The NewStandard ceased publishing on April 27, 2007.

House GOP Ties Min. Wage Hike to Estate Tax Cut

by Jessica Azulay

July 31, 2006 – Having tried numerous other avenues to repeal a tax that affects only America’s wealthiest heirs, the Republican leadership last week tied its long-sought estate-tax cut to the minimum-wage hike hungrily sought by America’s poorest workers.

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The measure, introduced in the US House of Representatives on Friday, was passed on Saturday by 230 lawmakers – 196 Republicans and 34 Democrats.

The Democratic leadership in the Senate vowed to kill the bill when it was their turn to vote on it, likely next week.

"The Senate has rejected fiscally irresponsible estate-tax giveaways before and will reject them again," Senate Minority Leader Harry Reid (D–Nevada) said, according to the Associated Press. "Blackmailing working families will not change that outcome."

The federal minimum wage, at $5.15 per hour, has stagnated for nearly ten years. The bill passed Saturday would gradually hike the lowest wage to $7.25 per hour by 2009.

According to the Center of Budget and Policy Priorities, a progressive think tank, the modest wage raise would directly benefit an estimated 6.6 million people who are currently bringing home less than $7.25 per hour. The average wage increase predicted for those workers is $1,200 per year. The Center also estimated that current minimum-wage workers would see their yearly incomes go up about $4,400 to $15,100 per year, still less than the federal poverty level for a family of three.

Democrats accused the Republican leadership of allowing a vote on the minimum wage only in conjunction with a choice on the estate tax in order to back them into a corner.

The other beneficiaries of the House bill would be the heirs of Americans who have more than $5 million in assets. The estate-tax cut would allow those heirs to keep an estimated $267.5 billion between 2007 and 2016 that would otherwise go to federal coffers, according to Congress’s Joint Committee on Taxation.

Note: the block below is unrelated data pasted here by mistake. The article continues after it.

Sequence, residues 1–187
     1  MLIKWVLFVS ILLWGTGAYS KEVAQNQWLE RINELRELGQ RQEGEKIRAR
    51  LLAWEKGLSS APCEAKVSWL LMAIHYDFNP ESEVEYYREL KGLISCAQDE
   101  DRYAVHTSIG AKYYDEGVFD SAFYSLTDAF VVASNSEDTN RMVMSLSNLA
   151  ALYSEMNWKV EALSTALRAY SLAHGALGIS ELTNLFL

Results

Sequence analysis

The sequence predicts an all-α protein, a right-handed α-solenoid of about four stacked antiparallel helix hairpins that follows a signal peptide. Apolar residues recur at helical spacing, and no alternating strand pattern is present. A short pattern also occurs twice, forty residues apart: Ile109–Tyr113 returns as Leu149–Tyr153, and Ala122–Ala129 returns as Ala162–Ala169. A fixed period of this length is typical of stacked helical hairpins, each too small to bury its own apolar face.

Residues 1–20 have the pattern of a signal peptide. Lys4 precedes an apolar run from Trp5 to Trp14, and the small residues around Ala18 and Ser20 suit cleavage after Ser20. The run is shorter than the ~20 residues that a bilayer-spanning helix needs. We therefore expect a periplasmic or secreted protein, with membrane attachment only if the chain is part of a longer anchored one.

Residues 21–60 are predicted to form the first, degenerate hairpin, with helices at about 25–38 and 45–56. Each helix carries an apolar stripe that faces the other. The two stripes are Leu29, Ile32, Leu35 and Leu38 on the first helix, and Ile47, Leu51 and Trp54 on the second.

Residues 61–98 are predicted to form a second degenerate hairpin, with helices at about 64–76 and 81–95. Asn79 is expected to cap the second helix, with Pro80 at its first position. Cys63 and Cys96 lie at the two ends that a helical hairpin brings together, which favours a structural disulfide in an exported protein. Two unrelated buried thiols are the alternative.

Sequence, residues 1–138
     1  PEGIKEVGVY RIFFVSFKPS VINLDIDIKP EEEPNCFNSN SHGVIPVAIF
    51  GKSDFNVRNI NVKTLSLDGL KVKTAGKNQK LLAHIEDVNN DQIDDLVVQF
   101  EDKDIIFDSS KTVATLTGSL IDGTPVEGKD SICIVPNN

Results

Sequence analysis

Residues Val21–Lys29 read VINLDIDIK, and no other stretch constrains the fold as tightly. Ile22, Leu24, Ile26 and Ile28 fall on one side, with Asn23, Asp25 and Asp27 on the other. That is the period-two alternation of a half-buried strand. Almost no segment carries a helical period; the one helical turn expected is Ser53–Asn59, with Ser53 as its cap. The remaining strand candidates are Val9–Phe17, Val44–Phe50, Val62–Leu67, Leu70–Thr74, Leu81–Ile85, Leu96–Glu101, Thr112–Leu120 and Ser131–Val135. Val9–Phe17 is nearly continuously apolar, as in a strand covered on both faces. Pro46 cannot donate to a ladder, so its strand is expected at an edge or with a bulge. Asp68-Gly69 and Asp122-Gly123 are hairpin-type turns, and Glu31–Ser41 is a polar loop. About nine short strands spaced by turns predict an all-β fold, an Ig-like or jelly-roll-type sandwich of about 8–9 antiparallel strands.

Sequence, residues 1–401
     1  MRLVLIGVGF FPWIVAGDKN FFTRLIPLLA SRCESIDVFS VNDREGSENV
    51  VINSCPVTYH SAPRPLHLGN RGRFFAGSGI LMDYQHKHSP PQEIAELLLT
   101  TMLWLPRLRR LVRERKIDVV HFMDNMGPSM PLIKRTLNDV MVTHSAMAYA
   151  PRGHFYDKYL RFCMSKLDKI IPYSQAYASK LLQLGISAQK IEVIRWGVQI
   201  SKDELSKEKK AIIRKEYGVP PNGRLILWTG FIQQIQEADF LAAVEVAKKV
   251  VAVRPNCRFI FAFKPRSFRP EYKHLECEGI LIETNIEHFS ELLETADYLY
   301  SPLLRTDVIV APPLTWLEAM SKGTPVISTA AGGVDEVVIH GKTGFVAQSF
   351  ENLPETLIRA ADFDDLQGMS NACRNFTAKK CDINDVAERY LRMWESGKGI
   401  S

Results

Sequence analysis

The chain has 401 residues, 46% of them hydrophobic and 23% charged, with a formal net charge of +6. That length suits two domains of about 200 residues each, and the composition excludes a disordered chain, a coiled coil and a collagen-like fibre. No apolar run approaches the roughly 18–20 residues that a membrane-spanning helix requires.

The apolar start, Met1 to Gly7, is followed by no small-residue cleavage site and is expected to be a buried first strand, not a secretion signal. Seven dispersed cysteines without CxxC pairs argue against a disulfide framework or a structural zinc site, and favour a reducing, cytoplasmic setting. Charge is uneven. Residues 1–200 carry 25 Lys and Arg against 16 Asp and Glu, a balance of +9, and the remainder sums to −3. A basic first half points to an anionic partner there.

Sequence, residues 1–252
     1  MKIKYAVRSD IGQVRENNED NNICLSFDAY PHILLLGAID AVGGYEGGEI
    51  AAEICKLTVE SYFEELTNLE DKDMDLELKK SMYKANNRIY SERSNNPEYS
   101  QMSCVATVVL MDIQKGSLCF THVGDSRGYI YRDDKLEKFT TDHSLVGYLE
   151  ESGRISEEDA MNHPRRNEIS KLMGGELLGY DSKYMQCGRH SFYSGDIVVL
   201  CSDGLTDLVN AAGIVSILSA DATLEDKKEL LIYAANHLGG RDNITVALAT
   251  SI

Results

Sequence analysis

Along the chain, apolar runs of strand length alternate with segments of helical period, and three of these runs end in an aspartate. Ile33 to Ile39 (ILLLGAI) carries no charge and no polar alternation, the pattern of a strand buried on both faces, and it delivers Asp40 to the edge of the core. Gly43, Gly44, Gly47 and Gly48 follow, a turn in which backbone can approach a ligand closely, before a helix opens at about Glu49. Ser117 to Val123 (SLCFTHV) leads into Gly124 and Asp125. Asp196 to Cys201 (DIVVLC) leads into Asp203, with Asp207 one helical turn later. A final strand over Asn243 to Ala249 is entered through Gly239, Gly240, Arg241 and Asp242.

Opponents of the estate tax have been trying all year to ease the tax on inheritance. As previously reported by The NewStandard, the House leadership recently attached a massive tax cut for the logging industry onto an estate tax repeal bill in an effort to lure Democrats from timber-rich states to vote for it. The measure passed the House, but failed to gain traction in the Senate.

This time around, with election-year pressure over the stagnation of the minimum wage growing – especially after raising their own salaries – some moderate House Republicans had asked to be allowed a vote on the measure.

Democrats accused the Republican leadership of allowing a vote on the minimum wage only in conjunction with a choice on the estate tax in order to back them into a corner and choose between voting against a popular wage hike or for an unsavory tax cut for the super-wealthy.

But the attachment of the minimum wage to the estate-tax bill did not appear to sway Democrats. Fewer voted for Saturday’s bill than voted for the estate-tax cut when it was attached to the logging-tax cut.

Advocates for workers called on the congressional leadership to allow a "clean vote" on the minimum wage without other amendments.

Advocates for workers called on the congressional leadership to allow a "clean vote" on the minimum wage without other amendments.

"For the past decade, the minimum wage has remained stagnant at $5.15 an hour while prices at the supermarket and the gas pump have steadily increased, utility costs have soared, and politicians in Washington gave themselves eight pay raises," said SEIU Secretary-Treasurer Anna Burger in a press statement.

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The NewStandard ceased publishing on April 27, 2007.


This News Report originally appeared in the July 31, 2006 edition of The NewStandard.
Jessica Azulay is a staff journalist.

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